First came Omicron, then came its highly contagious subvariant, BA.2. That subvariant gave rise to its own subvariants, whose share of new cases in the US is growing. The coronavirus is constantly mutating. While some variants seem to vanish, others have kept driving large outbreaks. Experts say a new form, BA.2.12.1, is spreading rapidly and will likely in the next weeks become the dominant form of the virus in the US. There’s no indication yet that causes more severe disease.
In the week ending Saturday, BA.2.12.1 made up about 36% of all new cases in the US, according to estimates by the US CDC . That’s up from 26% of cases the week before, and 16% of infections during the second week in April. First detected by New York state health officials in April, BA.2.12.1 is spreading more rapidly than the first versions of the Omicron variant, which caused a huge surge in cases over the winter. This version descends from BA.2 and appears to have spread even more quickly, although the reasons are still under investigation. “Omicron was more transmissible than Delta, which was more transmissible than Alpha,” said Krista Queen, director of viral genomics at Louisiana State University. BA2.12.1 is building on that trend, she added.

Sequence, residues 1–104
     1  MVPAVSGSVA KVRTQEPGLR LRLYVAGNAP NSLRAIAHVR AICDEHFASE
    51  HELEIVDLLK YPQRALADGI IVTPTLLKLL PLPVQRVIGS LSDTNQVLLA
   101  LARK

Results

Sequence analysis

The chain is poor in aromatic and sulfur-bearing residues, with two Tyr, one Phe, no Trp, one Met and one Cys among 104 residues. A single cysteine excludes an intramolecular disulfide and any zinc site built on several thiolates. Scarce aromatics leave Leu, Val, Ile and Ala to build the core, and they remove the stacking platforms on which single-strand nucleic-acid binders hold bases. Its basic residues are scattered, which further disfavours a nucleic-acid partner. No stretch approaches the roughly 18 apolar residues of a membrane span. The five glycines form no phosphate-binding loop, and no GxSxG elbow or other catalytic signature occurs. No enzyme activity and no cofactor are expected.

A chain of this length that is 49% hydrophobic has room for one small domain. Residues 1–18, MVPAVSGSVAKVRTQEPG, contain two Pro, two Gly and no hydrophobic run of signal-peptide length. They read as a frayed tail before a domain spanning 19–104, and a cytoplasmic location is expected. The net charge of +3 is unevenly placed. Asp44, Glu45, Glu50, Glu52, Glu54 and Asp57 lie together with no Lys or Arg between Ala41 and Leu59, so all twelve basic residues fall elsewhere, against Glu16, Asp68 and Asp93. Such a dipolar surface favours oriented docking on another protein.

Reports of new cases nationally have doubled in the past month as Omicron subvariants have spread, according to a NYT database. In the past two weeks, cases overall have increased by 50%. But reported cases are likely an undercount since access to at-home tests has increased. Still, virtually every reported infection is from an Omicron subvariant, and although BA.2 is still the dominant form, BA.2.12.1 is quickly gaining ground. Hospitalisations have risen more slowly — up 18% in two weeks — but those rates tend to trail. Deaths have decreased 17% in the past two weeks.